According to David Carradine’s book Spirit of Shaolin, it was clear before production started that the film was going to be a version of Akira Kurosawa’s 1961 Samurai film Yojimbo, and Carradine talked about it with executive producer Roger Corman:

The Warrior and the Sorceress) was essentially a remake of Yojimbo, the samurai movie by the great Japanese director, Akira Kurosawa. I called up Roger and told him I loved the script; but what about the Yojimbo factor. Roger said, “Yes, it is rather like Yojimbo.” I said, “It’s not like Yojimbo. It is Yojimbo.” Roger said, “Let me tell you a story. When Fistful of Dollars opened in Tokyo, Kurosawa’s friends called him up and said ‘You must see this picture.’ Kurosawa said, ‘Yes, I understand it is rather like Yojimbo.’ ‘No, it’s not like Yojimbo, it is Yojimbo. You have to sue these people.’ ‘I can’t sue them’, he responded. ‘Why not?’ ‘Because’ -Kurosawa confessed-, ‘Yojimbo is Dashiell Hammett’s Red Harvest.'” I went for it.

The story however appears to be apocryphal, as Kurosawa and Toho Studios did in fact successfully sue Sergio Leone.

Trivia

  • The Warrior and the Sorceress is a version of the classic Kurosawa film Yojimbo.
  • The film is noted chiefly for containing extensive nudity and violence and for being one of the more extreme examples of the sword-and-sorcery genre.
  • It is also considered by some to be a cult classic.
  • The Warrior and the Sorceress was the second entry in a series of ten films that Roger Corman produced in Argentina during the 1980s, the first one being Deathstalker.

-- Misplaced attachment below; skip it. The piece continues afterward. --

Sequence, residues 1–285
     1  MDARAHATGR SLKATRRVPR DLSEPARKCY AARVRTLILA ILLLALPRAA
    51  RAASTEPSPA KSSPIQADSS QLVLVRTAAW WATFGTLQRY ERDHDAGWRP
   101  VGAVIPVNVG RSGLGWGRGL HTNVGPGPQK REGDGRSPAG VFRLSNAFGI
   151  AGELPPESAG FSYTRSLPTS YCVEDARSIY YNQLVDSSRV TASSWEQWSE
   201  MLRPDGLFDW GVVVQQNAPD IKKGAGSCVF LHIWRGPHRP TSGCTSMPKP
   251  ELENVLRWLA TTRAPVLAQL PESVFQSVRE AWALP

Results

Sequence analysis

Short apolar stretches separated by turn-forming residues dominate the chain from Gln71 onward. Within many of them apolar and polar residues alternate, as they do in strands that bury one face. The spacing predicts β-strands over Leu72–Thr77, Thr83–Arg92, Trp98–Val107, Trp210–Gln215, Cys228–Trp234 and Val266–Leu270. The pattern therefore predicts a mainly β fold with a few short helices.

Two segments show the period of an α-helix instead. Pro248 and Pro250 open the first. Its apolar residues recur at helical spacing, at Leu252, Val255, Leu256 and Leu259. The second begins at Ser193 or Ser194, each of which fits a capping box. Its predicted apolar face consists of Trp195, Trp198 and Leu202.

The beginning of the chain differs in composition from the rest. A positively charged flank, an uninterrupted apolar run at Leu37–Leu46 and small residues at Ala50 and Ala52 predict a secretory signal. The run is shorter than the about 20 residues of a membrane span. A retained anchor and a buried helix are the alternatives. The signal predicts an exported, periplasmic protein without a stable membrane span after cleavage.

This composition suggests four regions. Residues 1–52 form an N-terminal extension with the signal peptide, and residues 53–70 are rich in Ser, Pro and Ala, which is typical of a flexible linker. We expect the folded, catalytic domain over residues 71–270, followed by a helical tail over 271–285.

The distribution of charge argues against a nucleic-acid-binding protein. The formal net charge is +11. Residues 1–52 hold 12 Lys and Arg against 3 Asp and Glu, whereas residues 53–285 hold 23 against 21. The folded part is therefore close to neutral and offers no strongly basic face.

• Footage of the film later turned up in Wizards of the Lost Kingdom II.
  • In the film The Scorpion King (2002), the main antagonist Memnon says “The assassin and the sorceress. How romantic!”, which was written as a nod to this film.

Production & Filming Details

  • Director(s):
    • John C. Broderick … (as John Broderick).
  • Producer(s):
    • John C. Broderick … producer (as John Broderick).
    • Roger Corman … executive producer (uncredited).
    • Frank K. Isaac … producer (as Frank Isaac).
    • Héctor Olivera … co-producer.
    • Alejandro Sessa … co-producer (as Alex Sessa).
  • Writer(s):
    • John C. Broderick … (screenplay) (as John Broderick).
    • John C. Broderick … (story) (as John Broderick).
    • William Stout … (story).
    • Ryûzô Kikushima … (screenplay “Yojimbo”).
    • Hideo Oguni … (screenplay “Yojimbo”).
  • Music:
    • Luis María Serra … (as Louis Saunders).
  • Cinematography:
    • Leonardo Rodríguez Solís.
  • Editor(s):
    • Silvia Ripoll … (as Silvia Roberts).
  • Production:
    • Aries Cinematográfica Argentina.
    • New Horizons.
    • New Horizons Picture.
  • Distributor(s):
    • New Horizons (1984) (USA) (theatrical).
    • Cederland Film Company (1984) (Lebanon) (theatrical).
    • Vestron Video (1988) (USA) (VHS).
    • New Concorde Home Entertainment (2002) (USA) (DVD).
    • Filmes Lusomundo (1993) (Portugal) (theatrical).
    • Concorde-New Horizons (2001) (USA) (DVD) (VHS).
    • Home Box Office (HBO) (1985) (USA) (TV) (pay television).
    • IVC (1985) (Greece) (VHS).
    • Prism Direct/Leisure (2003) (UK) (DVD).
    • Prism Leisure Corporation (2003) (UK) (DVD).
    • Shout! Factory (2010) (USA) (DVD).
    • UCM.ONE (2019) (Germany) (DVD).
    • VTI Home Vídeo (1986) (Brazil) (VHS).
    • Vestron Video International (1985) (Australia) (VHS).
    • Vestron Video International (1986) (Belgium) (VHS).
    • Vestron Video International (1986) (West Germany) (VHS).
    • Vestron Video International (1985) (UK) (VHS).
    • Vestron Video International (1986) (Netherlands) (VHS).
    • Vestron Video International (1986) (Norway) (VHS).
    • Vestron Video (1985) (USA) (VHS).
  • Release Date: 12 May 1984 (Cannes Film Festival, France).
  • Rating: 18.
  • Running Time: 74 minutes.
  • Country: US.
  • Language: English.

Video Link(s)